From here, we need to chalk out those points that need to be outlined so as to further study the ‘Sri Lanka model’ of COIN – both objective conditions and subjective forces that existed in the island.
1) Location of the island of Sri Lanka makes it geo-strategically important. The position of the island between the routes of the Straits of Malacca and Hormuz make it an excellent base for a power seeking to exert influence in the Indian-Pacific waters;
2) Demographic distribution in the island, with the Eelam Tamils identifying the North and East region as their traditional homeland (i.e. Tamil Eelam).
3) A virulent strain of Sinhala/Sri Lankan nationalism that seeks to forcibly assimilate Eelam Tamils through Sinhalization, which possesses a neanderthal paranoia about external Tamil conspiracies to take over/divide its Sri Lanka, seeing the entire island as primarily Sinhala property, and exercises control over both repressive and ideological state apparatus;
4) An Eelam Tamil nationalism that had manifested itself as an armed struggle, that aspired for a political solution based on the right of nations to self-determination;
5) World powers with vested interests in preserving the unitary state structure of Sri Lanka.
The author needn’t spend time in elaborating on point (3). The inherent appeal for genocide that such a strain of nationalism would possess should be evident to readers. Suffice to point out that the ideological patriarch of Sinhala nationalism, Anagarika Dharmapala, a xenophobic monk who expounded theories of Sinhala race superiority and the need for their lebensraum, was greatly impressed by Japanese militarist nationalism. No wonder that what his sons did at Mullivaikaal is compared by Tamils to the Rape of Nanking.
Point (4) needs some observation. The armed struggle for Tamil Eelam led by the LTTE was categorized under “Identity-Focused Strategy” by the US Field Manual 3-24.2 on ‘Tactics in Counterinsurgency’ (April 2009). According to the manual, “The identity-focused strategy mobilizes support based on the common identity of religious affiliation, clan, tribe, or ethnic group. In this strategy, legitimacy and popular support are tied to their identity and, often, no effort is made to garner popular support outside their identity. Rather, communities often join the insurgent movement as a whole, bringing with them their existing social or military hierarchy. External support is garnered from international elements of the same identity.” Further, it is argued that this strategy “Protects what it considers the interest of the identity”, and “Mass base easily aligns with insurgency objectives.” In other words, the goals of this type of an insurgency includes preserving and protecting political, historical and cultural symbols that are of core value to the community, and the strength of this type of an insurgency is the support it enjoys amongst masses adhering to an identity.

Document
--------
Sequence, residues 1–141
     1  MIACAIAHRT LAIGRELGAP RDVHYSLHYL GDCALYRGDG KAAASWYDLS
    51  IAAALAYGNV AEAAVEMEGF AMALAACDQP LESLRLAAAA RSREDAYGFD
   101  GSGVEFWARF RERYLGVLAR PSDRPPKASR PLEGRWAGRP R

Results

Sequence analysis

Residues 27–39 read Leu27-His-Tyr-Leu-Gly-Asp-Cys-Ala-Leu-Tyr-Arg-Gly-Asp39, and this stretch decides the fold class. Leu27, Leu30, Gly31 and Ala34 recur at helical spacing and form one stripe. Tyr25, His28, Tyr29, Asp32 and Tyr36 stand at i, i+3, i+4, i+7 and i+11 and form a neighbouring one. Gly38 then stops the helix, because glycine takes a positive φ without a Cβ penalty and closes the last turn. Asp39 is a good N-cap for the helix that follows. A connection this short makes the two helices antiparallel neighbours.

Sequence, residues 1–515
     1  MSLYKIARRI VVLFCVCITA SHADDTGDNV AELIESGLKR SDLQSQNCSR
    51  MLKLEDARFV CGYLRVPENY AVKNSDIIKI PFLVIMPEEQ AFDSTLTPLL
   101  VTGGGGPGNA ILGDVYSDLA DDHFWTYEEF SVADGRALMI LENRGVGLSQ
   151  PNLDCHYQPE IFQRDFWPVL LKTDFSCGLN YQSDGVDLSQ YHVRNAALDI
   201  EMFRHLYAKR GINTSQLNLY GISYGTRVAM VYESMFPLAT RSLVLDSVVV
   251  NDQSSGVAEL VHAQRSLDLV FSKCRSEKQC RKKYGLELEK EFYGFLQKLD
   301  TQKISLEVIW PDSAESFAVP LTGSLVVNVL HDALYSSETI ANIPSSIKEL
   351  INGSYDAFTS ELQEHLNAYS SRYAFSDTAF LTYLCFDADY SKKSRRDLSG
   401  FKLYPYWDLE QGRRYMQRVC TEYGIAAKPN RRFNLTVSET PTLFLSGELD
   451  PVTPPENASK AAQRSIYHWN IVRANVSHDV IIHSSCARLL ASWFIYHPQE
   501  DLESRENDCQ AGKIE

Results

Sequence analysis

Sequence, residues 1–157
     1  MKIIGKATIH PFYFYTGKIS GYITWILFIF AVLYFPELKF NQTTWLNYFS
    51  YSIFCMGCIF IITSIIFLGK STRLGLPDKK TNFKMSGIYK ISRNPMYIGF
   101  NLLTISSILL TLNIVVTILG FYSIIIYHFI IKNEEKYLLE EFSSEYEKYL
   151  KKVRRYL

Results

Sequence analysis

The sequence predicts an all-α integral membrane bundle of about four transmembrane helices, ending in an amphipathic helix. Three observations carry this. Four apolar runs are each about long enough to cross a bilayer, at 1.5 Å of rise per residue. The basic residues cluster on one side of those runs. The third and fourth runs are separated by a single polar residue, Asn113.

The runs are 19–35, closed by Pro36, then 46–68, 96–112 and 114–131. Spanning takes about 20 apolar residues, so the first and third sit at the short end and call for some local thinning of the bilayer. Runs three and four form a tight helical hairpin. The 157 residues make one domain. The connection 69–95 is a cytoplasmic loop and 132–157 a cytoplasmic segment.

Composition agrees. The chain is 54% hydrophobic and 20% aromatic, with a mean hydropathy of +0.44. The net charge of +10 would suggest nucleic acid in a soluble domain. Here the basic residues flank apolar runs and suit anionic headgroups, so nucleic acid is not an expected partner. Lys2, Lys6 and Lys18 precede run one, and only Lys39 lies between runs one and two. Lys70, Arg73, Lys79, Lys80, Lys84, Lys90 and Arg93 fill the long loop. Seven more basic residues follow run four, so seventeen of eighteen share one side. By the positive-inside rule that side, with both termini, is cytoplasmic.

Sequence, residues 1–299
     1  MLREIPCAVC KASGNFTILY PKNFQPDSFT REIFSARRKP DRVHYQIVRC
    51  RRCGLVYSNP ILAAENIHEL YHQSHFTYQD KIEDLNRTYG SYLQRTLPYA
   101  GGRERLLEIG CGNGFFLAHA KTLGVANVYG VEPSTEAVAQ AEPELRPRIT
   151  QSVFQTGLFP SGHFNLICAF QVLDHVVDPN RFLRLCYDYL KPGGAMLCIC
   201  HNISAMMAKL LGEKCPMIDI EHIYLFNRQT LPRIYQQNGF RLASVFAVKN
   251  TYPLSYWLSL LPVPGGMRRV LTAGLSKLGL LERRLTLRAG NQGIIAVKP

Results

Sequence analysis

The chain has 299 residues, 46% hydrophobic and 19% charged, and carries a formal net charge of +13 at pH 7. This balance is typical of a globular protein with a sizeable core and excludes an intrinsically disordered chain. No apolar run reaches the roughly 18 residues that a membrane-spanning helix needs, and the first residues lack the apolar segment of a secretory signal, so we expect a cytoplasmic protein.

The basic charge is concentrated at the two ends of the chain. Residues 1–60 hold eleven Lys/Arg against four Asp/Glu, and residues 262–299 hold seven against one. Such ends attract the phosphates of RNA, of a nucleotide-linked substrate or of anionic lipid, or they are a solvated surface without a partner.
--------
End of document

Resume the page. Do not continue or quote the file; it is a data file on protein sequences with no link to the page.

To use Sivaram’s analysis , the LTTE, after it developed into a conventional army effectively challenging the monopoly of violence that the Sinhala state possessed, required the following conditions:
(A) A politically motivated population from which to raise battalions;
(B) An economy to raise resources to clothe, arm, feed and deploy its forces;
(C) A secure territory to train and barrack the forces;
(D) An efficient logistics system;
(E) Facilities to treat a battalion of wounded fighters.